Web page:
Last week, BetaKit hosted a panel discussion in partnership with car auction platform TradeRev on automobile ownership and urban mobility technology. BetaKit associate editor Meagan Simpson explored where AutoTech is going with TradeRev founder and president Mark Endras as well as vice president and head of Canada at Turo, Cedric Mathieu.
“I do think we have a role to play in making car-sharing more accessible.”
– Cedric Mathieu
TradeRev’s platform connects car dealers in North America to accelerate the process of moving wholesale inventory. Turo is a peer-to-peer (P2P) car-sharing company that allows private car owners to rent out their vehicles via an online and mobile interface. The conversation was hosted at TradeRev’s office in downtown Toronto.
Endras said a key change that has emerged in car ownership over the last year is the acceleration of subscription models. He claimed that due to the fact that a segment of consumers now prefers shorter-term commitments, software products for dealerships that enable subscription-based models for cars is something that will likely continue to grow. He noted that although a subscription model is more expensive on a per car basis than a traditional lease, and that the model is not for everybody yet, the demand for automobiles is still very strong.
“We keep thinking the market is dying [and] people aren’t going to buy cars anymore,” he said, noting that in Canada, two million new vehicles were sold in 2018.
“You see millennials doing everything just a little later, right? Leaving their home a little later, they’re buying cars a little later,” said Endras, adding that people are still buying cars, although the point at which people buy is shifting.
“What we found was really astonishing: 84 percent of Canadians now own a car, that’s the level of ownership, and nine percent of Canadians don’t own a car but want a car,” Mathieu added, citing a poll Turo conducted in 2019. “When you combine those two, it’s actually 93 percent of Canadians who either own or want a car.”
Mathieu said the reason why many people don’t own a car is mainly for affordability reasons, but he added the private car and car ownership is not going to go anywhere. Cars will continue to be privately owned, he stated, but the key difference is that cars will be shared by many more people.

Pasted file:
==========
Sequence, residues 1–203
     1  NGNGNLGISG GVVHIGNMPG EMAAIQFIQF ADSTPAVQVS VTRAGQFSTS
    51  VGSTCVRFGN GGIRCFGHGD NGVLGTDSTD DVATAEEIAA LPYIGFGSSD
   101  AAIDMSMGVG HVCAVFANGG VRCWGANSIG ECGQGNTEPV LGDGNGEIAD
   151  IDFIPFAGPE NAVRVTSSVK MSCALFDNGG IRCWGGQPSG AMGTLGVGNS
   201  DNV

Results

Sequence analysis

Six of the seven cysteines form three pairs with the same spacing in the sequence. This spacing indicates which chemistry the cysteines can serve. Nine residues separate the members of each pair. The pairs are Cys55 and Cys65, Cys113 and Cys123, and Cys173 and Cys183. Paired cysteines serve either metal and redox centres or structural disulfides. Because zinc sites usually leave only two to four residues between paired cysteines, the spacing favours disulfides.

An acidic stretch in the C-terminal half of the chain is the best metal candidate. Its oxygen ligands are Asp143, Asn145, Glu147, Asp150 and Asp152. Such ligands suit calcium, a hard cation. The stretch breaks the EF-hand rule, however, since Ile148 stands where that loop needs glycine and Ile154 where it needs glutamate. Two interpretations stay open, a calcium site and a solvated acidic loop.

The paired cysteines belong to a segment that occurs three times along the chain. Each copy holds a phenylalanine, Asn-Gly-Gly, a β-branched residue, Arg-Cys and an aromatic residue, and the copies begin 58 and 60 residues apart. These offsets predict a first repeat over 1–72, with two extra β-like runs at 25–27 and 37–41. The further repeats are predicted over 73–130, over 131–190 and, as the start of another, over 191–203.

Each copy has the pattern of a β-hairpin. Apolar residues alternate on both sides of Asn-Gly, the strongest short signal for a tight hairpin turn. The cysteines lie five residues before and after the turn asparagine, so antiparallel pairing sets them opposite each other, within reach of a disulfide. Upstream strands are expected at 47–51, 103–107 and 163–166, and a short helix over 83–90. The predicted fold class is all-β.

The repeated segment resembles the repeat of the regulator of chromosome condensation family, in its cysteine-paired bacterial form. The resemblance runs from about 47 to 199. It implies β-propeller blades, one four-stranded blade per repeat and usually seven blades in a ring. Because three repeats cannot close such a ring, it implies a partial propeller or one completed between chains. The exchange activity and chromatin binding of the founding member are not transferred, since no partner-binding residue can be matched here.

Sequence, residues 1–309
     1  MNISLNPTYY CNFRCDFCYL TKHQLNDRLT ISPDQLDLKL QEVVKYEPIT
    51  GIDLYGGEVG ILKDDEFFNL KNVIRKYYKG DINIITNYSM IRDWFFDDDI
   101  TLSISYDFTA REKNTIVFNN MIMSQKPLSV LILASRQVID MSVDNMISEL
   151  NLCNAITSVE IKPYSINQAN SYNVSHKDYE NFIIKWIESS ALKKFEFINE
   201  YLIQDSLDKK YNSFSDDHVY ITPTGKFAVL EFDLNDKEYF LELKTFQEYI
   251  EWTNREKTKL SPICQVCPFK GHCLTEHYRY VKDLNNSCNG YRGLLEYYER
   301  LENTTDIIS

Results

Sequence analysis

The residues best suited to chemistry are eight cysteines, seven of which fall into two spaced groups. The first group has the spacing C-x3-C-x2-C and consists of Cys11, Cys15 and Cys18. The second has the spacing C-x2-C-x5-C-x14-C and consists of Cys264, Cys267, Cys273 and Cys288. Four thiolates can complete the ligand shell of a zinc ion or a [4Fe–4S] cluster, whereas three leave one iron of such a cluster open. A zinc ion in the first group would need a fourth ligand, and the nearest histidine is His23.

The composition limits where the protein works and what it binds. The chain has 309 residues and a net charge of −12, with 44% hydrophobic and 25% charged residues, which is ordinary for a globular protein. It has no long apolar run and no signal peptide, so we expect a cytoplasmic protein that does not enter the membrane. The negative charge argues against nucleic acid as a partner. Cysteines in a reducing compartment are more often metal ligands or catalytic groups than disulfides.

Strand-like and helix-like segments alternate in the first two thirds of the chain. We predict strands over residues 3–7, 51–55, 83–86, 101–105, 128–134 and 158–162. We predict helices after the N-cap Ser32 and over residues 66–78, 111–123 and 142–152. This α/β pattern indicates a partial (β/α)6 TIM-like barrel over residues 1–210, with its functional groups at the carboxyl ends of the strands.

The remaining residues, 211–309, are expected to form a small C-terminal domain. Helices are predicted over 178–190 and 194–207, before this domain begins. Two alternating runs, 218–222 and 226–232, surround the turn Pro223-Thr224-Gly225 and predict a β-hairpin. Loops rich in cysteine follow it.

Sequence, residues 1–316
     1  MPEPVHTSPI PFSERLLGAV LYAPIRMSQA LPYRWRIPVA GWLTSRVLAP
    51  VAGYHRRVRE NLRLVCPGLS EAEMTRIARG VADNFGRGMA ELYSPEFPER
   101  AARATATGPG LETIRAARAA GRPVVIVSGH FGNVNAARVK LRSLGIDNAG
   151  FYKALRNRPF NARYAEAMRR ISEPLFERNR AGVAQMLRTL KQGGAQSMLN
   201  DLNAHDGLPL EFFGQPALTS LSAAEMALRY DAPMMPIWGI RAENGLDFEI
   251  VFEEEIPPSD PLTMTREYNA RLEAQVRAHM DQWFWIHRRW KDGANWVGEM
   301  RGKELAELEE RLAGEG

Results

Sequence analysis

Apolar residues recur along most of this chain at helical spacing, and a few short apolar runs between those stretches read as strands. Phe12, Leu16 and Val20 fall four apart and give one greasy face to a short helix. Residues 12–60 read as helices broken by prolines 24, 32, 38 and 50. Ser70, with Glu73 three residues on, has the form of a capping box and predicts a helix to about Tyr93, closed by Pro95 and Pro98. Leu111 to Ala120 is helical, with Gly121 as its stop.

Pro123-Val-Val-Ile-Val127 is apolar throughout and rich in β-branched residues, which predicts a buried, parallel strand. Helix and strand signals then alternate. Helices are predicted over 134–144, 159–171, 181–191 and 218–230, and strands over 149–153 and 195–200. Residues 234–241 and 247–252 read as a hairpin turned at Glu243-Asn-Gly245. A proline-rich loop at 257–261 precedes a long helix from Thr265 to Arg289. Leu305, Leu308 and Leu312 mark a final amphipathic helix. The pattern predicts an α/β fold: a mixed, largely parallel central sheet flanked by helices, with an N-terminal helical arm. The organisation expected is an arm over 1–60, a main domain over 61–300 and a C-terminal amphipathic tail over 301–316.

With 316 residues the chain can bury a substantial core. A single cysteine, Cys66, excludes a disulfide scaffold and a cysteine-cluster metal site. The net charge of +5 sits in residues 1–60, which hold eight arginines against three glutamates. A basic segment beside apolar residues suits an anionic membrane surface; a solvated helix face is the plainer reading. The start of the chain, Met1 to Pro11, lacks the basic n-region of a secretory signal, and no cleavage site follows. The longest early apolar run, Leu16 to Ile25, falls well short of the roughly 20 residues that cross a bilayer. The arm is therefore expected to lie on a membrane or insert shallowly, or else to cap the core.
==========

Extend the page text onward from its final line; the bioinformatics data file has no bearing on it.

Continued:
When asked about challenges in the car-sharing industry, Mathieu said challenges will depend on the type of car-sharing in question. He said Car2Go, a car-sharing company that pulled out of North America in December, has a business model that presents challenges.
Car2Go charges a per-minute rate, with reduced fixed rates for hourly and daily usage also available. The rates cover rental, gas, insurance, parking, and maintenance. Mathieu called this model capital intensive, arguing this can be limiting and challenging to scale quickly.
“We plan [to] fuel the transformation of the actual retailing of cars.”
– Mark Endras, TradeRev
Another issue, Mathieu argued, is that many car-sharing models, like Car2Go’s, have been entirely designed for large urban areas. Large urban areas require a very large pool of supply units, increasing the marginal cost, he said, which means companies need a lot of demand to get a good return. A P2P model can make it easier to list a car on the platform from more physical locations, and Mathieu said this speaks to the potential and scalability of Turo’s model.
“I do think we have a role to play in making car-sharing more accessible and increasing the portfolio of options that people in rural communities have,” he said. “I think it’s a pretty powerful model because you only need a few cars in a city to then offer a car-sharing option that’s available to everyone in that city.”
Another notable industry change is the way people want to buy cars. Endras claimed that the rise of digital retailing in the automobile world is going to compress margins at dealerships, which occurs when the costs to make a product or deliver a service rise faster than the sales price of the product or service. This compression will require dealerships to move their inventory quickly and efficiently, he said.
“We facilitate all that and create efficiency, create transparency for the consumer, so they know what they’re getting for the trade,” Endras said. “We plan [to] fuel the transformation of the actual retailing of cars. We don’t actually get involved in the mobility space, but we see a lot of cars still being sold and we want to make that process, for dealers and for consumers, frictionless.”
Transforming that process from within and modernizing the experience means securing consumer trust. Endras said this change will require a cultural mindset shift for dealers, who will have to conduct business differently. He classified this as a B2B problem that many industries have when there are changes in technology.
Looking at what technologies will define the future of AutoTech, Endras said autonomy is going to drastically change how we think of cars. He said full autonomy is a “long way away,” but will completely transform the automobile market as well as periphery markets like insurance, as well as consumer behaviour.
Mathieu said the technological megatrends driving the automobile industry are connection, electrification, and autonomy. He said a connected car is actually just much easier to share, making it a more frictionless experience for the consumer. He believes the move to autonomous vehicles could reduce car ownership, but it could mean more people own “micro fleets,” which he said he would still boost the car-sharing market.
Image courtesy TradeRev